After a less than satisfactory morning exploring the intertidal zone at Little Beach, Terrace Beach and Big Beach in Ucluelet (mainly due to the abundance of seaweed) I shifted gears and in the late afternoon decided to check out the Parks Canada Pink Sand-verbena (Abronia umbellate breviflora) reintroduction project at the dunes at Wickaninnish Beach in Pacific Rim National Park Reserve. I had been out at the dunes earlier last week but recently heard that a number of these rare plants had been transplanted into study plots. It was a perfect opportunity to see a very special plant.
Pink Sand-verbena has long been on my “must see” list, and while the plants at Wickaninnish are transplanted and there are no historic records it occurring here, this is the only easily accessible place to see it in bloom. Historic records of the Pink Sand-verbena exist at Ahousat (1915) and on the shores of Pachena Bay (1927). Four to five plants were seen blooming in Clo-oose between 1940 and 1945 and nearly 60 years later a single plant was found in 2000. In 2001 there were 3 plants reported at Clo-oose but not seen in following years. Seeds were collected from the Clo-oose plants and the plants at Wickaninnish Beach come from this seed stock.
At the Wickaninnish Beach dunes several plots are planted with Pink Sand-verbena and it is possible to see the flower without entering the roped off areas. Pink Sand-verbena is sensitive to trampling by both people and pets so it is important to keep dogs on leash if you’re exploring the dunes (or better yet, leave Fido at home). Pink Sand-verbena is listed as Endangered under the Species at Risk Act (SARA).
Pink Sand-verbena has very specific habitat needs. It prefers the dynamic section of west and south-facing sandy beaches just below the line of driftwood. Characterized by unstable, free-flowing sand, these sites face the full impact of winter storms and high tides. Distribution and replenishment of populations of the plant may be dependent on the seeds which remain viable for long periods of time.
A number of factors threaten Pink Sand-verbena’s survival in British Columbia including the small size of the natural population, winter storms, and driftwood deposition that may change the structure of the dune ecosystem and sand movement. Trampling and damage by people engaging in recreation activity, especially at Clo-oose along the highly used West Coast Trail is also possibility. Finally, invasive Beachgrass (Ammophila sp.) can alter dune habitat and displace Pink Sand-verbena and other dune plants that require dynamic sand movement.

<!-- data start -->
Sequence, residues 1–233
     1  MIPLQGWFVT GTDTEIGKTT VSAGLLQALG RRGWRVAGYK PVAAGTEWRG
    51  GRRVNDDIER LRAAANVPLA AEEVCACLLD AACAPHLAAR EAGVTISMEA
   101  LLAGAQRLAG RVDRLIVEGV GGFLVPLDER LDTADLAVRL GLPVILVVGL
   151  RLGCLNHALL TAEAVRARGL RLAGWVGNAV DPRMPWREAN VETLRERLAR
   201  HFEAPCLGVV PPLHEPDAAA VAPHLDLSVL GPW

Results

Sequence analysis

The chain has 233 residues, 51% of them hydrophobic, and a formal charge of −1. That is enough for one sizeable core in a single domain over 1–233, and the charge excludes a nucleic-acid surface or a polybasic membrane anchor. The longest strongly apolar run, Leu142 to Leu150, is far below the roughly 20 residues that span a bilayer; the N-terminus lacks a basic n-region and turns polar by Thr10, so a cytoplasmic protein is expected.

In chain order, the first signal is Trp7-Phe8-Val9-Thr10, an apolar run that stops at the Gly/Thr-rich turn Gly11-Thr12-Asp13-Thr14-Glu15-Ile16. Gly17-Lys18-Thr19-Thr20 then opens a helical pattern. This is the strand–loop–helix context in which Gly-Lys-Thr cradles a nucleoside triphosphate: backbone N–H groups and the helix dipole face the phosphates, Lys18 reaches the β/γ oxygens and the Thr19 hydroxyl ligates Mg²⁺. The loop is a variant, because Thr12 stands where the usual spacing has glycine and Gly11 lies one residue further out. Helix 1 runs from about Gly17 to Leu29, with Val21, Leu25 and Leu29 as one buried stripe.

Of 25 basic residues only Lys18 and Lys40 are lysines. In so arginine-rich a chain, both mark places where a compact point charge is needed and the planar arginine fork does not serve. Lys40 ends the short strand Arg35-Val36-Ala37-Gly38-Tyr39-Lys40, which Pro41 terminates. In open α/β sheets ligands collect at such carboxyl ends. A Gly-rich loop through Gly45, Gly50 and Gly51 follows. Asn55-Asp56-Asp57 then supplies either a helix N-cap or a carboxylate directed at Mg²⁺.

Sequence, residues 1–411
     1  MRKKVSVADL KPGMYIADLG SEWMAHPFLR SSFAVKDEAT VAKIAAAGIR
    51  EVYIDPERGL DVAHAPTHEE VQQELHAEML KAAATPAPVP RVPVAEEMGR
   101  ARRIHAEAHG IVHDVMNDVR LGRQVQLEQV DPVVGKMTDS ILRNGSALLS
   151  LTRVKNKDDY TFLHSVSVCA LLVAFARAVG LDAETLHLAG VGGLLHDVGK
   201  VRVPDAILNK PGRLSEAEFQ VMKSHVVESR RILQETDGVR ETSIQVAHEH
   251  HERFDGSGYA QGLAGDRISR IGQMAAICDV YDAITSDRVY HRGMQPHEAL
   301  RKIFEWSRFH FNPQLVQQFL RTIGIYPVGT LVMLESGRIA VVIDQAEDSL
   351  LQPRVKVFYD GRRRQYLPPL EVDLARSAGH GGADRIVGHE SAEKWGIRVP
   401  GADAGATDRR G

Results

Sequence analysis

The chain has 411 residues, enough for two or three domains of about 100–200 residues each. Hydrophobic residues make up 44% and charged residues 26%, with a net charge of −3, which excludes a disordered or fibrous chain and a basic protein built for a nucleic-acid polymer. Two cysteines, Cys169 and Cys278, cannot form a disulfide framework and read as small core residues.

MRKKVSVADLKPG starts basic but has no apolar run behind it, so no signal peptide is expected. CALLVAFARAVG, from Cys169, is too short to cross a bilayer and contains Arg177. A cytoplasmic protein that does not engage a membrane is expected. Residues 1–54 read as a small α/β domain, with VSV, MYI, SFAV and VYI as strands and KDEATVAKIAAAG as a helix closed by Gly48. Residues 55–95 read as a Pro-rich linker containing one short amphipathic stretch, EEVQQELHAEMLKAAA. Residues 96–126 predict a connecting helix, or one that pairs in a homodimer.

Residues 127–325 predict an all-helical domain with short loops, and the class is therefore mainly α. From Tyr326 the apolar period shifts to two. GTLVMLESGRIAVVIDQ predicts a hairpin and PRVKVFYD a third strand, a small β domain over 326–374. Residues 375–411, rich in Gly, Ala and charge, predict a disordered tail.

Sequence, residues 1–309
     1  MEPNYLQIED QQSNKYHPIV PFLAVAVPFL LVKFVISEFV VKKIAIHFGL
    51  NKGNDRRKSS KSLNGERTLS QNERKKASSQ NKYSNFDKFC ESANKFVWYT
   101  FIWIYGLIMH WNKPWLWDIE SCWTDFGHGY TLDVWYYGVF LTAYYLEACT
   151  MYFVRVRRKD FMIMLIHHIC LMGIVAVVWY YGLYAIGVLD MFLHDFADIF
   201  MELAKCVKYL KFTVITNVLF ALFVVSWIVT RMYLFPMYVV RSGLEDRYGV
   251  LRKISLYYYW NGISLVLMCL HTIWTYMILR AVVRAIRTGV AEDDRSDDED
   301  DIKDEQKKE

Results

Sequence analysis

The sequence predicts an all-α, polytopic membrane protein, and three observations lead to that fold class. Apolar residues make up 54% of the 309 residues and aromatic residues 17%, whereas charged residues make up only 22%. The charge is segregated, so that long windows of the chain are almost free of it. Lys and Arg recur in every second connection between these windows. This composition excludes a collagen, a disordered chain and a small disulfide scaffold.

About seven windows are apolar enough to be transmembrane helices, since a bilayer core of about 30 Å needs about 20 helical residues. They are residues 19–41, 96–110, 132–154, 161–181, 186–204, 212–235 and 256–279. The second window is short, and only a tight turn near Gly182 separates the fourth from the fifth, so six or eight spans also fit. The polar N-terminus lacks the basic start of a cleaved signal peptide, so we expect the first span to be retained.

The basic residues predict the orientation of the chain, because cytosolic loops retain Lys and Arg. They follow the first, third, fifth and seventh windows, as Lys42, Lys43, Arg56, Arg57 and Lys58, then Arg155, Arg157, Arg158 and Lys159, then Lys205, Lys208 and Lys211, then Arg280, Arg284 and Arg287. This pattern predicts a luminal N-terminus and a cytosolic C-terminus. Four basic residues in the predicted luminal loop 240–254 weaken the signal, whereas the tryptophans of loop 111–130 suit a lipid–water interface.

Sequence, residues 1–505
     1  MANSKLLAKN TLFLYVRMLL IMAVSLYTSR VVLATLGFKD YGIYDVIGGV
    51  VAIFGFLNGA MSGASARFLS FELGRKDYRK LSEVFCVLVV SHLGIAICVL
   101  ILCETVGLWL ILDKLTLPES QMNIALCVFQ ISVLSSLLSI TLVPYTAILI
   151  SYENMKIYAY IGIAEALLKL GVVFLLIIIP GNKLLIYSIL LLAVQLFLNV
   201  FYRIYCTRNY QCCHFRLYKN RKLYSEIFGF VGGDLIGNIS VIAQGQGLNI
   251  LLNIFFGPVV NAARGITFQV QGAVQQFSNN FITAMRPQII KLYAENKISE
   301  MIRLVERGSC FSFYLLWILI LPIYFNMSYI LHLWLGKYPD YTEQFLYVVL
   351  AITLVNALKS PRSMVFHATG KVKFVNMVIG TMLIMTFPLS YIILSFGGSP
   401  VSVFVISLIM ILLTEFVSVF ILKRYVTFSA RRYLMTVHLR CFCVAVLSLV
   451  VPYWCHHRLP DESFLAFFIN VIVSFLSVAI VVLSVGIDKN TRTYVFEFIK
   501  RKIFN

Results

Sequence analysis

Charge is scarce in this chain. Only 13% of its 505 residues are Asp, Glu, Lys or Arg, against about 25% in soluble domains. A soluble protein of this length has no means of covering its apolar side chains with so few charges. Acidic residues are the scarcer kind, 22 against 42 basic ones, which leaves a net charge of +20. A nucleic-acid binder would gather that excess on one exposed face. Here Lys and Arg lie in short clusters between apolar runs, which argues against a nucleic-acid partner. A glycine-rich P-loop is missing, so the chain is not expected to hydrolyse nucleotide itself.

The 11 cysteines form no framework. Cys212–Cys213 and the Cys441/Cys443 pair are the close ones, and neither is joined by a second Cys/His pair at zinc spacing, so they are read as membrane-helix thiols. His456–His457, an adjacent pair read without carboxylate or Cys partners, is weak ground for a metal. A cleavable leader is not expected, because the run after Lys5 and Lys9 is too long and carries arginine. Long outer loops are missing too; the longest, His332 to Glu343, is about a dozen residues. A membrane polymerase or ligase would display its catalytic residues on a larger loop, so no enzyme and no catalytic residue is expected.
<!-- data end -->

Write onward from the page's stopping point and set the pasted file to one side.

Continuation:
The neat thing is that the more common Yellow Sand-verbena (Abronia latifolia) also grows in the dunes so the two plants can be readily compared. A large taproot serves as an anchor for these plants in the shifting sands. Yellow Sand-verbena has thick fleshy kidney shaped leaves and a round cluster of bright yellow flowers on stout stalks. Pink Sand-verbena has fleshy oval shaped leaves and pink flowers in round clusters. Both have a very pleasant fragrance that smells a little like dishwashing soap. Bees seem to like the flowers and were active around both species of Sand-verbena.
If you’re interested in learning more about the Pink Sand-verbena and/or the dunes at Wickaninnish Beach look for scheduled Parks Canada interpretive walks and presentations. Community participation in invasive European Beach Grass pulls in the dunes is another way to assist in the restoration of dune habitat and the survival of Pink Sand-verbena and other sensitive dune plants. More about the Pink Sand-verbena can be found on the Species at Risk Public Registry. You can also read more about typical dune plants in the article The Dunes at Wickanninish Beach.